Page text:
Choosing rice that does not do "fluffy" well is really the key issue, as already answered. I like short grain, I cook a lot of it. If I want "fluffy" it's not what I grab - that's what long grain is good at. I don't try to make sushi with basmati rice, either...
    – Ecnerwal
    May 8 at 1:48
  • 1
    It’s your prerogative to dislike rice cookers, but they are also (IMO) the easiest way to repeatably make rice with minimal effort and variation, the latter of which seems to be an issue in your case May 8 at 18:41
  • 1
    @Idran you're 1000% correct, I agree. I didn't want to waste more space, but, yes, .. there are very few things I truly hate. At the top of the list I hate haters, which is kind of self-referential. Then there's only one thing in the universe I truly hate, obviously that is Heathrow Airport, which goes without saying. Then there's a short list of things I actually hate: microwave ovens, swing tag plastic loop attachments on the price tags of consumer goods, and so on. With rice cookers, I merely dislike them ambiguously; they're "not really in the slow food camp"; I feel sorry for them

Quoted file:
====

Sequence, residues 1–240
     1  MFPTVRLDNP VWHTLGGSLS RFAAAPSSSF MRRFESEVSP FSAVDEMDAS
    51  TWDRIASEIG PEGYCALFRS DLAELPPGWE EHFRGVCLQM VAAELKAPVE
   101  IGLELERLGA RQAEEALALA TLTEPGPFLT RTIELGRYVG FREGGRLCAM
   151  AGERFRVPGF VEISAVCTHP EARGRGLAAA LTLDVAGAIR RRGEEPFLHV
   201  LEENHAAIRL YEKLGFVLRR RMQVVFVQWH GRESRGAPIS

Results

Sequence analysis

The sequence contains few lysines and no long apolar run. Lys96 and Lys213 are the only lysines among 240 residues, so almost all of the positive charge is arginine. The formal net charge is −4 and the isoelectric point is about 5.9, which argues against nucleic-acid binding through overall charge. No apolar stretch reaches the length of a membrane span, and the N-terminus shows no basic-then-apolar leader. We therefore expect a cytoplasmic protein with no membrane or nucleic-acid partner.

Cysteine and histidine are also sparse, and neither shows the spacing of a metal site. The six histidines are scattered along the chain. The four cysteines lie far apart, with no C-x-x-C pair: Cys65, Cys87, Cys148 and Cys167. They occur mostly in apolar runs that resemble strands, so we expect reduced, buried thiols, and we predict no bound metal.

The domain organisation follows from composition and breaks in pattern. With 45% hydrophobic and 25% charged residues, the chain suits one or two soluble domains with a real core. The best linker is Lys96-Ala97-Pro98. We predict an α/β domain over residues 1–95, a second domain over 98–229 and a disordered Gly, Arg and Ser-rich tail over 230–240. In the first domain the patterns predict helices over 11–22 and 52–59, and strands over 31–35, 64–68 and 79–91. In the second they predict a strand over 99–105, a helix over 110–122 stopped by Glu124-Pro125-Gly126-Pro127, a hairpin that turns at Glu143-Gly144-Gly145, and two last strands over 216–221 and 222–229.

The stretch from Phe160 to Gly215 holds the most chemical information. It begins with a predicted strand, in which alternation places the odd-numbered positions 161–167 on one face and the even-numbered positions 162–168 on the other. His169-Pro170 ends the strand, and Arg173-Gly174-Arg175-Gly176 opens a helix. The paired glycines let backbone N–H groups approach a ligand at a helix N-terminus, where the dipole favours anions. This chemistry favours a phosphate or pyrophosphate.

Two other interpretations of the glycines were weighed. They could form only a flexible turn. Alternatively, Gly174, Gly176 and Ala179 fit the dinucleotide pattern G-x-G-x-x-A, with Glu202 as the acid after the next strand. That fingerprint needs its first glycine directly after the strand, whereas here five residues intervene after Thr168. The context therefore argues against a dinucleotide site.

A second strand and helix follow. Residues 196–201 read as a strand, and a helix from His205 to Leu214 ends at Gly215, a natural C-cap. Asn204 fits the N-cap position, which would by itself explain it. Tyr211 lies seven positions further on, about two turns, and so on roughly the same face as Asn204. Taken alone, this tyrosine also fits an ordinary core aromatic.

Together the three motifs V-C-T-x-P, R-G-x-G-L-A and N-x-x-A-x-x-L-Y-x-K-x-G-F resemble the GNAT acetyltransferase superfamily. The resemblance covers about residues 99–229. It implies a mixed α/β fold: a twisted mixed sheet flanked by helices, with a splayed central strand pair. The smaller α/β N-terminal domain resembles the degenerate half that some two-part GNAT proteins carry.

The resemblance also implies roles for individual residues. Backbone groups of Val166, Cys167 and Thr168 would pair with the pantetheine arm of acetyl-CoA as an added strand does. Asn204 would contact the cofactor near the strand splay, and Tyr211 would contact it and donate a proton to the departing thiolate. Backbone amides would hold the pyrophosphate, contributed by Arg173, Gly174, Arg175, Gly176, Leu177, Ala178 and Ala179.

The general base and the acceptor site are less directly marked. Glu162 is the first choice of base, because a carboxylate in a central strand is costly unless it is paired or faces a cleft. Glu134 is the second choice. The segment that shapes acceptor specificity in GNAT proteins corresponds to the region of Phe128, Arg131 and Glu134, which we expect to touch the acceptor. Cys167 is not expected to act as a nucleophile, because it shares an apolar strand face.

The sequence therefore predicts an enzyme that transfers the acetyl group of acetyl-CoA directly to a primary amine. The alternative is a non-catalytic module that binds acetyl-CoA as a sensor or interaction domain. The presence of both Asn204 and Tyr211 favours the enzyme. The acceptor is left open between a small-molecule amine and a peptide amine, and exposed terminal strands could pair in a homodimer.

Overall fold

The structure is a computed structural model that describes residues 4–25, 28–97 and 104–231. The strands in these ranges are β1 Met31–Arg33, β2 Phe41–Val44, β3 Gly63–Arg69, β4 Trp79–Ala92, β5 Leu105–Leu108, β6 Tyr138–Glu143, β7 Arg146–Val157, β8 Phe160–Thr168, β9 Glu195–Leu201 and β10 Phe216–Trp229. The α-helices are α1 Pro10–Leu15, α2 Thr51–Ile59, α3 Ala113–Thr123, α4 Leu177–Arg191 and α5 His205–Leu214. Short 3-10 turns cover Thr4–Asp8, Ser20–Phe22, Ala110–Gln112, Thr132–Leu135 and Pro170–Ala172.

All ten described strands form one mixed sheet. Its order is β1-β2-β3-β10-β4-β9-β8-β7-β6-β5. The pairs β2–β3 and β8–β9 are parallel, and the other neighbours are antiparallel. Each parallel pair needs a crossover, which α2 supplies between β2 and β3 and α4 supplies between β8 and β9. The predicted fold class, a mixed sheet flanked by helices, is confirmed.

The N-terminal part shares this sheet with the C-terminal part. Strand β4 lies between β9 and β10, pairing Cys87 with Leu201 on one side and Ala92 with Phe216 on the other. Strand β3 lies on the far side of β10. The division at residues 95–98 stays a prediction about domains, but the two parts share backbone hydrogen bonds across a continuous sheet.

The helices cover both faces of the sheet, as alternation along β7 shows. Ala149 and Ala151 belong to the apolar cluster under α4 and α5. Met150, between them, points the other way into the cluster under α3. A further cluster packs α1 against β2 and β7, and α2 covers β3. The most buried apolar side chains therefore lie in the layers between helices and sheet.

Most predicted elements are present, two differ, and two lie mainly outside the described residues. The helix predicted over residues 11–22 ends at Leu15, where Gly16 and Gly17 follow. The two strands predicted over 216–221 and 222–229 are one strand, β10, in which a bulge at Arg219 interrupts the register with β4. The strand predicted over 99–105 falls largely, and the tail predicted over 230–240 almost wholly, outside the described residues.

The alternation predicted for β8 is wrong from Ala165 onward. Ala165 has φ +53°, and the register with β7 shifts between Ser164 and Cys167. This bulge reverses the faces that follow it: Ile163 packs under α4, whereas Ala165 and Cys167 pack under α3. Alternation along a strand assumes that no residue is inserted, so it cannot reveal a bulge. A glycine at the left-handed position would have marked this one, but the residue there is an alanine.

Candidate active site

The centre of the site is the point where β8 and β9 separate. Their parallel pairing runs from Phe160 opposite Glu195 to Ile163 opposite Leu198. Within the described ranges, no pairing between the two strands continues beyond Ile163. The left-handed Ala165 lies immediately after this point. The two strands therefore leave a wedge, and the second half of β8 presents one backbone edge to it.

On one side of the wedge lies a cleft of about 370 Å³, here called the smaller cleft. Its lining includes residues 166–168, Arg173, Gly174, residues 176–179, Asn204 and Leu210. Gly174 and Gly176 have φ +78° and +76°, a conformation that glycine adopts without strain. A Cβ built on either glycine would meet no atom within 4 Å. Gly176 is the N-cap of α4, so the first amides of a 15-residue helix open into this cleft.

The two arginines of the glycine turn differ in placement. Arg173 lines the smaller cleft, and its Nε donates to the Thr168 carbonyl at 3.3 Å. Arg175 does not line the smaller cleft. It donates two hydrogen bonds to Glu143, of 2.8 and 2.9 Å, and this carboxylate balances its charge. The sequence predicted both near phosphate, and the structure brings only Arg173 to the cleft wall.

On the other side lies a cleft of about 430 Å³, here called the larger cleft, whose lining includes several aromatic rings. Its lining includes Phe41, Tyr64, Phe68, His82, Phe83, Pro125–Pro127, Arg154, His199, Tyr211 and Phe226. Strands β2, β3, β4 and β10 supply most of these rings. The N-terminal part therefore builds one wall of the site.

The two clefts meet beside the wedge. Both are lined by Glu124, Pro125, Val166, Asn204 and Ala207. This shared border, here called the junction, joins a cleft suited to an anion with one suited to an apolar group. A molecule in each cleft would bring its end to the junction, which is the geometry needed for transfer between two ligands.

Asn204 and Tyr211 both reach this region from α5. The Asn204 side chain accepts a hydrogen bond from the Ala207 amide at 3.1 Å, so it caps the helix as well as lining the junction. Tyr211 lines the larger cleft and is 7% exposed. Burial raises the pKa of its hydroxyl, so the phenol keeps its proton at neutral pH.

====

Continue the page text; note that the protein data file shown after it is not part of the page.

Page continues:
– Fattie
    May 9 at 13:36
  • 1
    but I can't really support them. It's sort of like in a war, a country that's not really your enemy, nor are they truly neutral, but they won't sort of get on board with your side, hence you feel kind of ambiguous dislike towards them. It's tough.
    – Fattie
    May 9 at 13:37

6 Answers 6

15

There are a few variables here:

Shorter grain rices tend to be more sticky than longer grain rices, so using a medium grain (my personal choice for the balance) or long grain rice will give you fluffier rather than sticky.

Washing is very important. The clearer that water is, the less sticky your rice will tend to be. You can also soak the rice for short periods (say 20 min) hydrate more of the external starches and allow you to wash them off better. Be aware that the longer you soak, the more likely that the rice will end up as a mush when you cook. This is one of the steps in making Juk/Congee, where you soak the rice and then cook gently giving you a nice silky porridge.